Yangshuo, China

The karst peaks paradise

Please note the images below and the travel commentary were recorded in November 2017. 

Yangshuo is a county of Guilin City, in northeast of Guangxi. Guangxi is located in south-central China, an hour or two away from Hong Kong via plane. Yangshuo is famous for its mesmerizing views made up of the karst mountains spread throughout its terrain.

Karst is a topography formed from the dissolution of soluble rocks such as limestone, dolomite and gypsum. In Yangshuo, this is set as the backdrop with the Li River, West Street or the beautiful town of Xingping in the foreground. It makes for rather stunning scenery and has become a hot-spot for tourism in China, for both locals and foreigners.

We started off in Hong Kong and took the train to Guangzhou. From there, we switched to the China high speed rail network and took a high speed train to Yangshuo. The train ride was only around two hours and inexpensive. I highly recommend booking first class as the extra space is far more comfortable and the incremental cost very low.

Upon entering Yangshou, we used Didi (China’s version of Uber on steroids) to get a car from the train station to take us to the hotel. As we were going through the country side, we were a bit apprehensive about our hotel choice. It seemed we were going deep into the countryside with very dark side streets and no humans in sight.

When we arrived at the hotel, our apprehensions went into overdrive with this nondescript door in front of us, that was somewhat akin to a 1980’s car repair shop door. All of those apprehensions however quickly dripped away the moment the door opened and this beautiful courtyard appeared.

LEICA M10 21mm ISO-400 1/24sec
LEICA M10 21mm ISO-400 1/30sec

The XY Yunhouse is the creation of a dedicated Chinese national who worked overseas for many years and wanted to come back and give something back to her hometown. She decided to lease the land of a small village complex and, while respecting the local customs and traditions, renovate the complex in order to support the local community and provide a place to call home for its temporary guests.

The restoration of XY Yunhouse is tasteful, and as we were to find out over the coming days, very much welcome by the local village population.

The area around the hotel is true country side, replete with real local village people who’ve lived there their entire lives. In the very early morning, as we strolled around the area, local villagers came out to say “nihao!” and to welcome us to their village. With my limited Chinese, I was able to deduce that they were very happy to have this hotel in their neighbourhood and were extremely friendly to us all.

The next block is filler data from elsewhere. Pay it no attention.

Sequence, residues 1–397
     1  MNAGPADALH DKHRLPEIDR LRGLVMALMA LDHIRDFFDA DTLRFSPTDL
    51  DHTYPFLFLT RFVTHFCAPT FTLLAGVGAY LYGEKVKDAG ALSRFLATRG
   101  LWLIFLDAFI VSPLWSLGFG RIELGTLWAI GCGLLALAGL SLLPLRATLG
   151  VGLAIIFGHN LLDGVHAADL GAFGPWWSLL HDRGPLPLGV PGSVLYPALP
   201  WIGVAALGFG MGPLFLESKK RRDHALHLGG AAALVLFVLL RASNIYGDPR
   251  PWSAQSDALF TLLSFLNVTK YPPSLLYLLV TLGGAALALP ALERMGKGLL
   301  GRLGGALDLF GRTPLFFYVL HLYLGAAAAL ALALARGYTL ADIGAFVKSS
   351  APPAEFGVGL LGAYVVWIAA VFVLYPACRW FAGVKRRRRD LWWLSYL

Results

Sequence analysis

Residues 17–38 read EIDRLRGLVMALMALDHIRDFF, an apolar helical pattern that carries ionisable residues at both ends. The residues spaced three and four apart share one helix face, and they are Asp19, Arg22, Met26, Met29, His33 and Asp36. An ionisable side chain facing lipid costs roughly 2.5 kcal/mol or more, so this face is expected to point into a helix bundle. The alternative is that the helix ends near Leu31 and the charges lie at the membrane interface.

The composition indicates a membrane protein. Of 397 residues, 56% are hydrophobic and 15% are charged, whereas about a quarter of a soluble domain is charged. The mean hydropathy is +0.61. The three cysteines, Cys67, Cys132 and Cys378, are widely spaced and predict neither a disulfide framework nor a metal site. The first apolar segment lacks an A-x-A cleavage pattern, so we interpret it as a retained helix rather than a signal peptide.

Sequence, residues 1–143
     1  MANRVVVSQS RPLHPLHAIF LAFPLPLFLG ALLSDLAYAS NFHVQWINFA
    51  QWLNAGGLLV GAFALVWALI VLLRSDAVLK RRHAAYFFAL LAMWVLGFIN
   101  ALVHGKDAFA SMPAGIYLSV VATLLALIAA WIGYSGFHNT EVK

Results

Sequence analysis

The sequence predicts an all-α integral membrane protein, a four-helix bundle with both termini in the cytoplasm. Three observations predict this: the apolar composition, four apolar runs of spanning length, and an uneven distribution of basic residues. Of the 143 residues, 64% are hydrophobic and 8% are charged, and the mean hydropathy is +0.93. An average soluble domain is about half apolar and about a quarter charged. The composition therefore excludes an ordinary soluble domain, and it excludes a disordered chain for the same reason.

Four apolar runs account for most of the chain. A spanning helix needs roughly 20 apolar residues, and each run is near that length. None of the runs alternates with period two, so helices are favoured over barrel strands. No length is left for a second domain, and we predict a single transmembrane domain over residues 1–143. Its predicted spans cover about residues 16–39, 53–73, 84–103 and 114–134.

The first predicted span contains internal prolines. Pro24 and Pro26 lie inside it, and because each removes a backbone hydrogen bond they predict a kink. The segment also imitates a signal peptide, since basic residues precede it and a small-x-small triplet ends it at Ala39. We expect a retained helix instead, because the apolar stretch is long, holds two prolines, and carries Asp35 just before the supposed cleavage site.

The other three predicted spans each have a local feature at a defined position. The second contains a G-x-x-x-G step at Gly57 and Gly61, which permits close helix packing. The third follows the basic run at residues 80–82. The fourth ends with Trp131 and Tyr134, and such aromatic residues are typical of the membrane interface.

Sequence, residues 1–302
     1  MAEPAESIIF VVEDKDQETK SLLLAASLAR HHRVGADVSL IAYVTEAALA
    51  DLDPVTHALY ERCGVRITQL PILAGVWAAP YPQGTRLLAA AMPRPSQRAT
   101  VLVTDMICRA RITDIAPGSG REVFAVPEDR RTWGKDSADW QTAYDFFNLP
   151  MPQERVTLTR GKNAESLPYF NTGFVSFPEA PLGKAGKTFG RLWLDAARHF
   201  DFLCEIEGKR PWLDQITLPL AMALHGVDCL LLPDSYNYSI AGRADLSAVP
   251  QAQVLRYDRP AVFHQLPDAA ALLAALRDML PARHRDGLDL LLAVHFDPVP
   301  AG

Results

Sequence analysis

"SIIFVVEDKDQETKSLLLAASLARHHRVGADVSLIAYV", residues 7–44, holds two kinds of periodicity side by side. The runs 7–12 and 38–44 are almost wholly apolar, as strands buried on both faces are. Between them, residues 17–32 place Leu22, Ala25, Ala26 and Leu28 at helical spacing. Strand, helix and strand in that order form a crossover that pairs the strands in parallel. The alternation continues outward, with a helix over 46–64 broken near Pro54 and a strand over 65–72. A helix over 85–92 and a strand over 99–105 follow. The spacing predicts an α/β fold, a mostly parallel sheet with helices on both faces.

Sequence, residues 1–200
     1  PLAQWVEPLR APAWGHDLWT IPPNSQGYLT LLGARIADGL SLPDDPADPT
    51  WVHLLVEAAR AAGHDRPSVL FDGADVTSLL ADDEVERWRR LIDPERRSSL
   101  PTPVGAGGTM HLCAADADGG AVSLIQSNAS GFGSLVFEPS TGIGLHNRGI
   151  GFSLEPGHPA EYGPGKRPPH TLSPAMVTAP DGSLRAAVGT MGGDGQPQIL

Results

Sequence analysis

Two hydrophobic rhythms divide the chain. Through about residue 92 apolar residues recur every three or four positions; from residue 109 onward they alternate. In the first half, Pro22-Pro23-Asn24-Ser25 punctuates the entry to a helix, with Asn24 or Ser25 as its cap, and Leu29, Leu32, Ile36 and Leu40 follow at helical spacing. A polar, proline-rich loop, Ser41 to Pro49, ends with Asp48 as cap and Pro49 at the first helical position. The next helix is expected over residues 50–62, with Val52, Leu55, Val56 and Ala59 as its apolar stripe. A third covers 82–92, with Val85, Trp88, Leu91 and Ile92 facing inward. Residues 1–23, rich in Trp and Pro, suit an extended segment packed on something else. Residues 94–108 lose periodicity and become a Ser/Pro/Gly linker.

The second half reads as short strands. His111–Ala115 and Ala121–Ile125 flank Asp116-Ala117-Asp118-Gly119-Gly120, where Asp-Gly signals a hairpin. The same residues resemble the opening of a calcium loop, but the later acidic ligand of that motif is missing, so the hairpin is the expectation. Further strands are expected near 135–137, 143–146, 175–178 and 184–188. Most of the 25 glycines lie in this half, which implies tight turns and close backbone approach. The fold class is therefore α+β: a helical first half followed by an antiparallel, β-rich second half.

LEICA M10 35mm ISO-100 1/180sec

X-Pro2 115.9mm ISO-200 1/170sec f/4.2

LEICA M10 21mm ISO-1000 1/45sec

X-Pro2 190.3mm ISO-1000 1/280sec f/4.8

A short drive away from the hotel is a small town called Xingping; it’s a beautiful traditional town. You can find coffee shops, great food, and lots of small nicknacks that you can take back home with you.

LEICA M10 21mm ISO-200 1/360sec

LEICA M10 50mm ISO-200 1/360sec

While the town itself was a lot of fun, what we experienced next was rather unexpected, and challenging. We saw many locals heading to an entrance for a nearby mountain called Laozhai Shan (Shan means mountain in Mandarin). We thought it would be a good idea to check it out for ourselves; a quick check on Tripadvisor said that the view is well worth the hike, so we thought we’d give it a shot.

O-M-G… this had to be one of the most challenging and treacherous impromptu hikes we’ve ever done. It was steep, slippery, and in some places, nausea inducing with steep drop-offs and heights. In some places, it’s so vertical that they provide you with a ladder attached to the side of the mountain!

Like all things in life, no pain, no gain. I’ll readily admit that I was feeling dizzy at the very top because we decided to go beyond the designated viewing dock and climb to the concrete base used for power lines and telecommunications equipment. The concrete pad was crammed full with people taking in the sun setting. The hike and the nausea was well worth it for the stunning view. In the third picture below, you can see the viewpoint that we hiked up to and the steepness of the climb.

LEICA M10 50mm ISO-200 1/500sec

LEICA M10 16mm ISO-200 1/125sec
LEICA M10 16mm ISO-200 1/125sec

LEICA M10 50mm ISO-200 1/180sec

On the way out of Xingping, we stopped at the famous photography spot on the bridge coming into the town to take the iconic image of the karst formations reflecting in the water.

LEICA M10 50mm ISO-200 1/3sec

With the sun having set, we headed into Yangshuo town to see the famous West Street. Like most cities in China, there is always that one place that everyone goes to when they have some free time or when they want to meet with their friends, and in Yangshuo, that would be West Street.

LEICA M10 50mm ISO-3200 1/125sec

X-Pro2 23mm ISO-400 1/120sec f/2.2

The next morning we made our way over to the Li River to take in the scenery and were rewarded with good weather and some beautiful photography opportunities.

LEICA M10 21mm ISO-200 1/750sec

X-Pro2 200mm ISO-200 1/1250sec f/4.8

X-Pro2 55mm ISO-400 1/850sec f/3.5

LEICA M10 21mm ISO-200 1/45sec

After a wonderful weekend in Yangshuo, we headed back to Guilin Airport (for those of us heading back to Beijing) and to the train station for those heading back to Hong Kong. While the whole weekend was excellent, we were especially impressed with the service and friendliness of the team at the XY Yunhouse. The hotel is gorgeous, the surroundings authentic and beautiful, and the staff warm and welcoming. I should also mention the many cute dogs the villagers house and take care; they’re adorable!

X-Pro2 99.8mm ISO-640 1/150sec f/4

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